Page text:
Truth is a film worth seeking out. As it is only in limited release, cinema lovers will have to make a special effort to see this film. Truth is a political drama based on the memoir 'Truth and Duty: The Press, the President and the Privilege of Power' by Mary Mapes, an American journalist and television news producer.
The film is an expose of the Killian documents controversy. This relates to memo's that cite George W. Bush receiving preferential treatment from officials of the Texas Air National Guard. The allegation included concealing Bush's failure to meet even minimal training and performance requirements, and his absence from the Air Guard for most of 1972 following a transfer to the Alabama Air National Guard.
The film traces the initial discovery of the memos and attempts to verify their authenticity, which becomes the heart of the film. The resulting search for answers on the Bush service records are overshadowed by the controversy about the documents being forgeries. This is played out in detail as phone calls are made, messages are left and sources checked. The major theme is one of freedom of the press and the right to ask questions. This gets thrown around a lot. What makes this story about the morals of journalism and politics really tick is the gripping performances by all the main lead actors.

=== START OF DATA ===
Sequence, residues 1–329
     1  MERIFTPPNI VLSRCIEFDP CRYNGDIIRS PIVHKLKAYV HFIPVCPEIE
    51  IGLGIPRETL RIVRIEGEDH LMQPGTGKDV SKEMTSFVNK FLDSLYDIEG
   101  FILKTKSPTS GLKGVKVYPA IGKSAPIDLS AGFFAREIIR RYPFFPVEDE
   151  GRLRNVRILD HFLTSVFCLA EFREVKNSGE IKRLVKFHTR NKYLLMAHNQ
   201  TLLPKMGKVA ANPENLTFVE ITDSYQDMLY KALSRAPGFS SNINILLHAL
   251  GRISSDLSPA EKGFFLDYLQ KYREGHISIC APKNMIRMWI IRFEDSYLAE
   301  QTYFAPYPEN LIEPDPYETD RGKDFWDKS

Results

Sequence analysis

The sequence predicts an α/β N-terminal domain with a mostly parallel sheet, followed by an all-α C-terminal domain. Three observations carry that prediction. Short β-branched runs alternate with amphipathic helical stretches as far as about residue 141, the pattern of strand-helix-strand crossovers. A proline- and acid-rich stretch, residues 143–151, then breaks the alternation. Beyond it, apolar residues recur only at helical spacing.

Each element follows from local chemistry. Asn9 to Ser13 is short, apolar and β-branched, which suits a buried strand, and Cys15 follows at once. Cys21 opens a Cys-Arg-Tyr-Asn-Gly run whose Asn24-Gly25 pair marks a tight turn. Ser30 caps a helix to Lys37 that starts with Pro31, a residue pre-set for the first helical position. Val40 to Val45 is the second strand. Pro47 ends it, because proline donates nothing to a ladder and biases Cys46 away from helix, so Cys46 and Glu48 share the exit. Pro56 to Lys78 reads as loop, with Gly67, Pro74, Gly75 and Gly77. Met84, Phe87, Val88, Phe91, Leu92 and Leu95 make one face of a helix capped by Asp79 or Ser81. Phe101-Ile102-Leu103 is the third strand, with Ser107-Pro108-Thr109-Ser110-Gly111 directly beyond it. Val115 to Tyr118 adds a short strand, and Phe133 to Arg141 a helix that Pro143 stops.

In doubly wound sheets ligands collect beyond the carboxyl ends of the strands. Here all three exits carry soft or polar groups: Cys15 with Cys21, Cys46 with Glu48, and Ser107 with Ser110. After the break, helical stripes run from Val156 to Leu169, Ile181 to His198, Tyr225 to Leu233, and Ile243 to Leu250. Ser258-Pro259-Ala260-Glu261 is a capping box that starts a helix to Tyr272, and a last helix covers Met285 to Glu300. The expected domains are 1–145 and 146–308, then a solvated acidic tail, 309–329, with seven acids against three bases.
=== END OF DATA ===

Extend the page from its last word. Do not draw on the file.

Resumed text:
Cate Blanchett as Mary Mapes is always on note as she becomes obsessed with getting this story out, but at what cost to her family, health and career. The main 60 Minutes anchor, played with appropriate charisma by Robert Redford, is portrayed as an American institution. Redford as Dan Rather has the charm and sincerity to win over most people, but even he is wounded by the resulting scandal. The team of journalists who run the story are all convincing including actors Topher Grace, Dennis Quaid and Elizabeth Moss. Keep an eye out also for supporting roles by Noni Hazlehurst and Andrew McFarlane.
The film is written and directed by James Vanderbilt, in his directorial debut. The storyline manages to laud and savage the press and is a voyeuristic look into this world of spin, deadlines and divided loyalties. This is superior filmmaking and acting that is in short supply, so grab the opportunity to see it before it is off our screens.